UPDATE: Wisconsin Attorney General J.B. Van Hollen is now asking the state Supreme Court to reinstate Act 23 (aka AB 7) in time for it to apply in November. Along with the state Department of Justice, he will file a "Petition to Bypass Court of Appeals" and a "Motion for Consolidation" in both cases. League of Women Voters lawyer Lester Pines called the move a "kind of a hail Mary pass by the Attorney General," and seemed confident that the Supreme Court would reject the requests. He pointed out that this is the same court that refused to immediately take up the cases earlier this year. Still, the voting rights supporters who originally brought cases are concerned and will fight the Attorney General’s requests. Meanwhile, two federal challenges to the law are currently pending, with hearings scheduled in October.
7/19/2012: Judge David Flanagan made permanent his earlier injunction in the case brought by the Milwaukee NAACP and Voces de la Frontera, joining a permanent injunction issued by Judge Richard Niess in the League of Women Voters case. Now both courts would have to lift their blocking orders in order for Act 23 (aka AB 7) to be reinstated. With appeals pending, and no further rulings expected until after November, it is virtually guaranteed that the ID requirement will not apply in the general election.
You heard the good news from Connecticut and Louisiana. Now it’s Wisconsin’s turn.
Voter ID is likely off the table for the recall election!
Last May, Wisconsin Governor and ALEC Alum Scott Walker signed Act 23 (aka AB 7), a voter ID law that also counts ALEC affiliated legislators among its sponsors. It has been challenged in two cases: one brought before Dane County Circuit Judge Richard Niess by the League of Women Voters, and the other brought before Dane County Circuit Judge David Flanagan by the Milwaukee NAACP and Voces de la Frontera.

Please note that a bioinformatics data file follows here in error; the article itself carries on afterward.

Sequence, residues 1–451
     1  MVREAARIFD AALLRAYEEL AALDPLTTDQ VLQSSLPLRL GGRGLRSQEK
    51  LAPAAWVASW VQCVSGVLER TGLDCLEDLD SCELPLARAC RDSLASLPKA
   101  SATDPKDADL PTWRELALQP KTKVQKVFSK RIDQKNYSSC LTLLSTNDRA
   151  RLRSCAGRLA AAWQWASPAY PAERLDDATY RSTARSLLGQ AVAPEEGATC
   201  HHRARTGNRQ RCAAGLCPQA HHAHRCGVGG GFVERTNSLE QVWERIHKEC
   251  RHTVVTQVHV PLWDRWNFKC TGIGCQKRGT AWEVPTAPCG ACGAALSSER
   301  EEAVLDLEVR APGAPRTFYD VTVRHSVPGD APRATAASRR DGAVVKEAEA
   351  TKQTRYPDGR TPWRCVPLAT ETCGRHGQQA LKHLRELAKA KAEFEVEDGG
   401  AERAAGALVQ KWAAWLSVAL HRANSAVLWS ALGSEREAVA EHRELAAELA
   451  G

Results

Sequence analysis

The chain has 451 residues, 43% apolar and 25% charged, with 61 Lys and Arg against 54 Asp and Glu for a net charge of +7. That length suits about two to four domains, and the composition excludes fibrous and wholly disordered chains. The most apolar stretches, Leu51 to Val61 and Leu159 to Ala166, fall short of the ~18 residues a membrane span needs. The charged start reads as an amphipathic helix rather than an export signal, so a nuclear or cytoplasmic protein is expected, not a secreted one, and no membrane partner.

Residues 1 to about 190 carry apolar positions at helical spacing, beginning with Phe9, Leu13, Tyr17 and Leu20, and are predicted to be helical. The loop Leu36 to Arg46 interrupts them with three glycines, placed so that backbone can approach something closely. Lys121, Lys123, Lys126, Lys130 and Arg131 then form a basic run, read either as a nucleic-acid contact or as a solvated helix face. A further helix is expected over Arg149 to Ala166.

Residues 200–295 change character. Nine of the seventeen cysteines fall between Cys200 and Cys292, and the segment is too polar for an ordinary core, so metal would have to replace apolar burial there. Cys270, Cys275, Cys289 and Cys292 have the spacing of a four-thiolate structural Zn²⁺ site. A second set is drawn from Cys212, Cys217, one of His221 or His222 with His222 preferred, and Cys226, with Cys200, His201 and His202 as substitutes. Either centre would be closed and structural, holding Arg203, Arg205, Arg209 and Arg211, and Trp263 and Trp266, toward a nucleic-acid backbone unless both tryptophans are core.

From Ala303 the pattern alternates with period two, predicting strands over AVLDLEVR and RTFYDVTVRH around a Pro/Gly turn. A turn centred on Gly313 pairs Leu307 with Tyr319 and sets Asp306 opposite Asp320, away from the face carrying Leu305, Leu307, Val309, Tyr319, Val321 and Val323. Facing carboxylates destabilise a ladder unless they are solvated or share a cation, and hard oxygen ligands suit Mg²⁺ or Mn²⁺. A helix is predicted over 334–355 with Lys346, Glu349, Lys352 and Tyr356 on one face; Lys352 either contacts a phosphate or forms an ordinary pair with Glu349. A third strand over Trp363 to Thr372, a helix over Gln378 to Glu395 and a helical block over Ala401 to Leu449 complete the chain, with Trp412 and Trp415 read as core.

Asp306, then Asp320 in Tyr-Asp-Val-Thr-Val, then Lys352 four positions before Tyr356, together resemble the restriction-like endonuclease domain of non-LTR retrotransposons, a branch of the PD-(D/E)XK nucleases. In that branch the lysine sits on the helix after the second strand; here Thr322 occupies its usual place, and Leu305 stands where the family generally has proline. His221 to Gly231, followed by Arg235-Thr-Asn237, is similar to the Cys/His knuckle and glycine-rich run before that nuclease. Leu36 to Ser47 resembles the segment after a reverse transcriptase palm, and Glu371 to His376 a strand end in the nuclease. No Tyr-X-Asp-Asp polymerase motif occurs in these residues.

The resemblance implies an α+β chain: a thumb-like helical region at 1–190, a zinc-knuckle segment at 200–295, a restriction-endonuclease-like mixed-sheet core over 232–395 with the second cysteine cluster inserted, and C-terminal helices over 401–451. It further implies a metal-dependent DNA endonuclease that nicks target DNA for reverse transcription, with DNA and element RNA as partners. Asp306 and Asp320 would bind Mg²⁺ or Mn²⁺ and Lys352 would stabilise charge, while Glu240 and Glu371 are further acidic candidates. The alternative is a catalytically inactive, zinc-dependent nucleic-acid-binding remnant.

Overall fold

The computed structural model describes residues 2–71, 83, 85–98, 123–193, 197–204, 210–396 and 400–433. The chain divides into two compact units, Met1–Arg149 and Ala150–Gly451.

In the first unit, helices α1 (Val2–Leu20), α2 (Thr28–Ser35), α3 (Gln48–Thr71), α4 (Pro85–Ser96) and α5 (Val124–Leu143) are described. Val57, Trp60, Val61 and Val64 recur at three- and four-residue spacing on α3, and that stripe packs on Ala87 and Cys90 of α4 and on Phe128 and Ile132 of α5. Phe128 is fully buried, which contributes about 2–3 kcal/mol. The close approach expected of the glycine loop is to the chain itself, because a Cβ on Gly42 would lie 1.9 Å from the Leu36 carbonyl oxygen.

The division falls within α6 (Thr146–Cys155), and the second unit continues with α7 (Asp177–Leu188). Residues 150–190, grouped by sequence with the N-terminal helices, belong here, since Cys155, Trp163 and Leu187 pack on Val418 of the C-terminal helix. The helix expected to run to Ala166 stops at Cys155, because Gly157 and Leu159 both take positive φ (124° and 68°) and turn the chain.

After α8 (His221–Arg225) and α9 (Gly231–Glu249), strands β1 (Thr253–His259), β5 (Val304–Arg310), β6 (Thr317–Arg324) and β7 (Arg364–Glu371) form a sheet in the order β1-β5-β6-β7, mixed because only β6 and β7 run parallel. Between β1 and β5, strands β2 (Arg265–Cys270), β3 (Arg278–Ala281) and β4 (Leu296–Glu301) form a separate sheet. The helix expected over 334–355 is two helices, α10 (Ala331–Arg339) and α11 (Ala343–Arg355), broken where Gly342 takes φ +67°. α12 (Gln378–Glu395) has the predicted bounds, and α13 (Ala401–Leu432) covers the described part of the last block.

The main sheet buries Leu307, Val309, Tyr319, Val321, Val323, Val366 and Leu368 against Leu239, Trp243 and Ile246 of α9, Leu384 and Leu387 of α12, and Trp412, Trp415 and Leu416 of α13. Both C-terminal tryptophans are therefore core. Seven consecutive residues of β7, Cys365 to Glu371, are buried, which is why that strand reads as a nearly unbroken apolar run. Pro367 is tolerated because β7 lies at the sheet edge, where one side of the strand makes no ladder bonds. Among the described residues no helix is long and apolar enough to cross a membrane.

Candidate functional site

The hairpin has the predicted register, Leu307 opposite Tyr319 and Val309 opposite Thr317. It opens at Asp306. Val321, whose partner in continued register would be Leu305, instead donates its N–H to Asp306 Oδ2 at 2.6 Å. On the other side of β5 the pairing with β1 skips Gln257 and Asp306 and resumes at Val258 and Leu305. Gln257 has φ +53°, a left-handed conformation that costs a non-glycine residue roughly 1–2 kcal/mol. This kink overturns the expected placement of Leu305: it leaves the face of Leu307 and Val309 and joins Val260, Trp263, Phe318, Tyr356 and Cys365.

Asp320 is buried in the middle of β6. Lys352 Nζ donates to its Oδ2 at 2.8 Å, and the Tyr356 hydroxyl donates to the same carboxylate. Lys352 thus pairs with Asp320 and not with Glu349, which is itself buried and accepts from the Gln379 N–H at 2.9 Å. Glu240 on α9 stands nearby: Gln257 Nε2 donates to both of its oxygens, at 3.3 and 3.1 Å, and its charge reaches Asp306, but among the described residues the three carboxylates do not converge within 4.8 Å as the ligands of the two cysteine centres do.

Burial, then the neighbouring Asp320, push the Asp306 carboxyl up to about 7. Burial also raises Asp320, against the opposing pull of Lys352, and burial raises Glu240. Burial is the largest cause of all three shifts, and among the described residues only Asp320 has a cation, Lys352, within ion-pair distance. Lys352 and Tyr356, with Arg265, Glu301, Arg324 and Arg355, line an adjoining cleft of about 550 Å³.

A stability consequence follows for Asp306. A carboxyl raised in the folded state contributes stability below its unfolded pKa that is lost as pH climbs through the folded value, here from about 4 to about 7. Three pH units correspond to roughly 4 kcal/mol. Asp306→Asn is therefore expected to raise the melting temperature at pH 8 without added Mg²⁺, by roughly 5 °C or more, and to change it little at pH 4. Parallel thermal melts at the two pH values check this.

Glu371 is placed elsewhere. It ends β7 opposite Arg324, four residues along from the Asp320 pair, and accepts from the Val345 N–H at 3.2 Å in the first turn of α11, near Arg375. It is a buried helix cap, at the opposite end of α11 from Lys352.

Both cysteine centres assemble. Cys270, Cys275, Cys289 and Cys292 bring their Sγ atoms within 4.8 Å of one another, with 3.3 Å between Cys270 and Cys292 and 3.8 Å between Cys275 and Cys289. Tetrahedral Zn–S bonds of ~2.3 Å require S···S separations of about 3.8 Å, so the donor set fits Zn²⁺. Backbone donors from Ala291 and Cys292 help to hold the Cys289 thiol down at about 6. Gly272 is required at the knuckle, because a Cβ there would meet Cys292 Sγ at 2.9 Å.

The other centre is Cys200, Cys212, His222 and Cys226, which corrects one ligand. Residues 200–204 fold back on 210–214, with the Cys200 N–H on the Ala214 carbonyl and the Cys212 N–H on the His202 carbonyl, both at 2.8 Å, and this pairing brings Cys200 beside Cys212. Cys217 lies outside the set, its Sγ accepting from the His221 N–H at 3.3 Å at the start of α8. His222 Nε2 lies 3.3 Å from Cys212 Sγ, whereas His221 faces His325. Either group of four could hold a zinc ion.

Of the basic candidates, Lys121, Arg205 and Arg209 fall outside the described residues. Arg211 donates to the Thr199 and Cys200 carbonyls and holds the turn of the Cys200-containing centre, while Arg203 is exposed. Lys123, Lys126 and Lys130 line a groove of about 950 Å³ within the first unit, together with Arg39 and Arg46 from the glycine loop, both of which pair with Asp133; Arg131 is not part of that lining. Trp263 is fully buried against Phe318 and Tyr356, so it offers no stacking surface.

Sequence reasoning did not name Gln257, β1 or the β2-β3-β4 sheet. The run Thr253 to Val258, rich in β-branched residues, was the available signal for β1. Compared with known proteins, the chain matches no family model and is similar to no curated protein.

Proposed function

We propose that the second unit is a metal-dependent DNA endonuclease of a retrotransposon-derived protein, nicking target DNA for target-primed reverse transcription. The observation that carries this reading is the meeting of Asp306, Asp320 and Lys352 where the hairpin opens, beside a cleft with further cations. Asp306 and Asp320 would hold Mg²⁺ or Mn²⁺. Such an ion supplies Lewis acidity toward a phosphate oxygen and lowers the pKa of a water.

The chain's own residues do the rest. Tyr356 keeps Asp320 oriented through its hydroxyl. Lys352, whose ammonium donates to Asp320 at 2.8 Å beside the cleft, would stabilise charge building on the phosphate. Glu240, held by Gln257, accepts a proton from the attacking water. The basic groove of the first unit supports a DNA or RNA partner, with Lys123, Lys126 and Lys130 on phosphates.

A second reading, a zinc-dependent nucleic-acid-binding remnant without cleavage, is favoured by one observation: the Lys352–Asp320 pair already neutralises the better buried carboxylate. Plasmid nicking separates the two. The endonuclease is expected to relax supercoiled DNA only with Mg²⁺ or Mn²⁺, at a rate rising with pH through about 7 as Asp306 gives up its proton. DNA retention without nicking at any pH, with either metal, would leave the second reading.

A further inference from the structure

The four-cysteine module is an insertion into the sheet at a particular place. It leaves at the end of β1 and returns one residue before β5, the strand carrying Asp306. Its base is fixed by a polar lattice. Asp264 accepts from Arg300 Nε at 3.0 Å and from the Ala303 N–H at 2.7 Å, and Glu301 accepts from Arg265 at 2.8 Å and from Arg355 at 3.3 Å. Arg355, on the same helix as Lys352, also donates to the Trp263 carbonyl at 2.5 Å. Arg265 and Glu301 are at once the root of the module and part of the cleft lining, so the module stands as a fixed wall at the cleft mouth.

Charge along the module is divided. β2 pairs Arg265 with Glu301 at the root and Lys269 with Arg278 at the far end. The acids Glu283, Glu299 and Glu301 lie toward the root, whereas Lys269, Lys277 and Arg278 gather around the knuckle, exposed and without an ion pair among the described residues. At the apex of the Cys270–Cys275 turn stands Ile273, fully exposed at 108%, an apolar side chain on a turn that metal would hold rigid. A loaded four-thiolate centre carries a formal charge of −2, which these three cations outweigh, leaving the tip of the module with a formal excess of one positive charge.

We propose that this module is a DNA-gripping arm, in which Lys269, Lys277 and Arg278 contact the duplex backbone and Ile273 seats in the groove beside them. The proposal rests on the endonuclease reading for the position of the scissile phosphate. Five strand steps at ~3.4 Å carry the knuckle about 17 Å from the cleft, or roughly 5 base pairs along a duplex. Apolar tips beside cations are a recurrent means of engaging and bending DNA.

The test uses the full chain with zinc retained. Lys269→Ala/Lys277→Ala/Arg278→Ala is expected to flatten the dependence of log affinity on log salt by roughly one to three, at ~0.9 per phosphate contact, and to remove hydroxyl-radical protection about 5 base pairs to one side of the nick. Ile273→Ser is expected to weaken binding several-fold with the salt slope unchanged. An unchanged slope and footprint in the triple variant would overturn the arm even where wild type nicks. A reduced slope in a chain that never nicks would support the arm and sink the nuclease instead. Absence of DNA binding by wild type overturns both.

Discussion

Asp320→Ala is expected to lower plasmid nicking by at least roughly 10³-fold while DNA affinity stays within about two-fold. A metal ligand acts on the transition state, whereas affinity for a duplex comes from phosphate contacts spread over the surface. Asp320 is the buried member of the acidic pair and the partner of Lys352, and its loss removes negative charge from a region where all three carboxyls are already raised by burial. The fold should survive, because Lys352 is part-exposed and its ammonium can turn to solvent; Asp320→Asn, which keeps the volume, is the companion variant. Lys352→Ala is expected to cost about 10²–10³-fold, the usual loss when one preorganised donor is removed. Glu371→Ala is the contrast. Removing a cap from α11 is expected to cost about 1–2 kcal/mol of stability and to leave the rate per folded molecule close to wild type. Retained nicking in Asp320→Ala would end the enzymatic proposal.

Back on April 16, the state Supreme Court refused to immediately take up the pair of cases, sending them back to regular order in the lower appeals courts.
NAACP and Voces got their ruling on April 25, where a temporary injunction will stand at least until late June and the conclusion of post-trial briefing before Judge Flanagan. The LWV ruling came on April 26, where Judge Niess’s permanent injunction remains in force pending appeal.
Though the battle is far from over, since no further rulings are likely prior to June 5, voter ID mostly likely won’t be required when voters go to the polls for the general recall election.
These are the cases furthest along, but other challenges are being mounted, including from the Advancement Project and ACLU. On April 23, the ACLU plaintiffs filed a motion for preliminary injunction and an expert report.